Open Access

First biochemical characterization of a novel ribonuclease from wild mushroom Amanita hemibapha

SpringerPlus20121:79

https://doi.org/10.1186/2193-1801-1-79

Received: 22 September 2012

Accepted: 4 December 2012

Published: 27 December 2012

Abstract

A 45-kDa ribonuclease (RNase) was purified from dried fruiting bodies of the wild mushroom Amanita hemibapha. It was adsorbed on DEAE-cellulose, S-sepharose, and finally purified on Superdex 75. The RNase exhibited maximal RNase activity at pH 5 and in a temperature range between 60-70°C. It demonstrated no ribonucleolytic activity toward four polyhomoribonucleotides. The amino acid sequence analysis (GDDETFWEHEWAK) showed this RNase was a ribonuclease T2-like RNase. It exhibited strong inhibitory activity against HIV-1 reverse transcriptase (HIV-1 RT) with an IC50 of 17 μM.

Keywords

Ribonuclease Mushroom Purification

Introduction

Ribonucleases (RNases) exist in a wide range of life forms from prokaryotes to eukaryotes (Fang and Ng. [2010]). RNases from different mushrooms also differ in biochemical properties such as molecular weight, carbohydrate content, and N-terminal sequence among others (Wang and Ng. [2006]). RNases isolated from different tissues may have different structures (Hofsteenge et al. [1989]; Iwama et al. [1993]; Sasso et al. [1991]) and it has long been claimed that wild mushrooms are beneficial to health in manifestation of anti-tumor (Kobayashi et al. [2000]), antiviral and antifungal (Wang and Ng. [2000]), immunomodulatory (Matousek et al. [1995]; Fang and Ng. [2010]) and immunosuppressive activities (Wang and Ng. [2000]; Ngai et al. [2003]). In this manner, their potential clinical importance may also one day find application in the treatment of chronic diseases such as cancer and HIV- 1 infection.

Ribonucleases are capable of offering protective measures to various organisms due to their host defense mechanisms (Wong et al. [2010]). Ribonucleases isolated from roots of Panax ginseng (Chinese ginseng), P. notoginseng (sanchi ginseng), and P. quinquefolius (American ginseng) have antifungal properties (Wang and Ng. [2000]). RNases of both Chinese and American ginseng are homodimeric and demonstrate HIV-1 reverse transcriptase inhibitory activity (Wang and Ng, [2000]).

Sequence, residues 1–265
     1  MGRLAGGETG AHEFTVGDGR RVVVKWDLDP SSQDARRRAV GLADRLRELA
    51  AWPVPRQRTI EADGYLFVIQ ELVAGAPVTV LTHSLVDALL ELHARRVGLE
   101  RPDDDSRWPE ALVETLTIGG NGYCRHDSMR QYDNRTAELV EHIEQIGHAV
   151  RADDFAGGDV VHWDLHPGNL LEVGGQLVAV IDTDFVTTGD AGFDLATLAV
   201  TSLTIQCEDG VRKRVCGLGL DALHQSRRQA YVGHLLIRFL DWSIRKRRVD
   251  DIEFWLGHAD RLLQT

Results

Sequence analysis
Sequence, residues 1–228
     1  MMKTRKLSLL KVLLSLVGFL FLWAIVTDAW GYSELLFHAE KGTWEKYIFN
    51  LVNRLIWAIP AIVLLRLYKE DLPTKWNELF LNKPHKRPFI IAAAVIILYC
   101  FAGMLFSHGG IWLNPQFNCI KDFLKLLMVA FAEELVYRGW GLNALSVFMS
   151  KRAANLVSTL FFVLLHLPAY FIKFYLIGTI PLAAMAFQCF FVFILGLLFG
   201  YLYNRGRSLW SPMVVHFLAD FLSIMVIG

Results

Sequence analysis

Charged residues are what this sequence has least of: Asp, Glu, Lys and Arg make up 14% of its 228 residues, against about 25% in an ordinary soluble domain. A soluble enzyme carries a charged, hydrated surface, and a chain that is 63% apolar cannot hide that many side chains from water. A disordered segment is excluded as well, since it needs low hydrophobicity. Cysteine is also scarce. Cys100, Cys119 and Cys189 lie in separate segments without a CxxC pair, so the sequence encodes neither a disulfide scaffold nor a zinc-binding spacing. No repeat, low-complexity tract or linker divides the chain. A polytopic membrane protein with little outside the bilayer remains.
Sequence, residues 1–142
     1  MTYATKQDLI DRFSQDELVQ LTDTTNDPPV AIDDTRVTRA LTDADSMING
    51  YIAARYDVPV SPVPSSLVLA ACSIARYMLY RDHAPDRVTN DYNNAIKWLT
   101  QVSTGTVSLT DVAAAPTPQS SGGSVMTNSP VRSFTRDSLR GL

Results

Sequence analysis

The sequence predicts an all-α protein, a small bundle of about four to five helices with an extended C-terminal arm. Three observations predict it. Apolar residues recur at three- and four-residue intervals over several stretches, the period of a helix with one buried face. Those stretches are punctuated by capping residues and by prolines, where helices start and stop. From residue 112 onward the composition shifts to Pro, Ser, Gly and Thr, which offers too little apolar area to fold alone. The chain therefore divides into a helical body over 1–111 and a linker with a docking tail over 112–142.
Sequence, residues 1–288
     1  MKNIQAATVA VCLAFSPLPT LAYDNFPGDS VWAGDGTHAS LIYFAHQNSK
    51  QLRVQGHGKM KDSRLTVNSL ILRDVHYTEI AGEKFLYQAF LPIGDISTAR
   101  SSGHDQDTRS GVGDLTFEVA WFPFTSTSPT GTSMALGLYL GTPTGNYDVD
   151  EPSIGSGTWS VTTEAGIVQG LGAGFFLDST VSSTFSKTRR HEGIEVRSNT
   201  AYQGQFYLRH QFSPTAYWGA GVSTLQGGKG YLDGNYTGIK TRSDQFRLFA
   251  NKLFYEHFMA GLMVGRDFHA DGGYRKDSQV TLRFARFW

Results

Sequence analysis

RNases play a key role in RNA metabolism. They are involved in host defense and physiological cell death pathways. RNases possess therapeutic potentials for cancer treatment, as RNA damage caused by RNases could be an important alternative to standard DNA-damaging chemotherapeutics. (Makarov and Ilinskaya. [2003]). Four members of the RNase A superfamily : Onconase from oocytes of Rana pipiens, BS-RNase from bull semen, and two closely related sialic acid-binding lectins from oocytes of Rana catesbeiana and Rana japonica are endowed with antitumor activity and show cytotoxicity toward several tumor cell lines (Notomista et al. [2000]).

In the present study, a ribonuclease was isolated from the fryiting bodies of Amanita hemibapha for determination of biochemical characteristics and comparison with previously reported ribonucleases.

Materials and Methods

Dried fruiting bodies of the mushroom Amanita hemibapha from Sichuan China were homogenized in 0.15 M NaCl solution using a Waring blender, and then stored at 4°C overnight before centrifugation (10000 g, 15 min). Ammonium sulfate precipitation was carried out by adding (NH4)2SO4 to the supernatant to 80% saturation to precipitate proteins. After centrifugation (10000 g, 15 min), the precipitated proteins were dissolved in distilled water and dialyzed to remove (NH4)2SO4. NaAc-HAc buffer (pH 5.6, 1 M) was added to the solution, until the concentration of NaAc reached 10 mM. The supernatant was subjected to ion exchange chromatography on a column of DEAE-cellulose (Sigma) in 10 mM NaAc-HAc buffer (pH 5.6). After elution of unadsorbed proteins (fraction D1) with the same buffer, adsorbed proteins were desorbed sequentially with 50 mM NaCl, 150 mM NaCl, and 1 M NaCl to yield fractions D2, D3, and D4, respectively. Fraction D3 with RNase activity was dialyzed and subsequently chromatographed on a 2.5×10 cm of S-Sepharose (Sigma) in 10 mM NaAc-HAc buffer (pH 3.6). After removal of unadsorbed proteins (fraction S1), adsorbed proteins were eluted with a linear concentration gradient (0–500 mM) of NaCl and 1 M NaCl in 10 mM NaAc-HAc buffer (pH 3.6) to yield fraction S2 and S3. The peak (S3) with RNase activity was then further purified on a Superdex 75 HR 10/30 column (GE health) in 0.15 M NH4HCO3 buffer (pH 8.5). The first peak (SU1) obtained represented purified RNase.

Assay for activity of ribonuclease

Activity of A. hemibapha RNase toward yeast tRNA (Sigma) was assayed by measuring the production of acid-soluble, UV-absorbing species with a modification of the method of (Wang and Ng [2003a]). The RNase was incubated with 100 μg of tRNA in 150 μl 100 mM MES buffer (pH 4.6) at 37°C for 15 min. The reaction was terminated by addition of 350 μl of 3.7% perchloric acid. The sample was centrifuged at 15,000 g for 5 min. The absorbance of the resulting supernatant, after suitable dilution, was measured at 260 nm. One unit of enzymatic activity is defined as the amount of enzyme that produces an absorbance increase at 260 nm of one per minute in the acid-soluble fraction per milliliter of reaction mixture under the specified conditions. The optimal pH and temperature were determined following the same method as described using buffer with different pH values as the reaction buffer and different temperatures instead of 37°C.

Molecular mass determination by sodium dodecyl sulfate polyacrylamide gel electrophoresis (SDS-PAGE) and by FPLC-gel filtration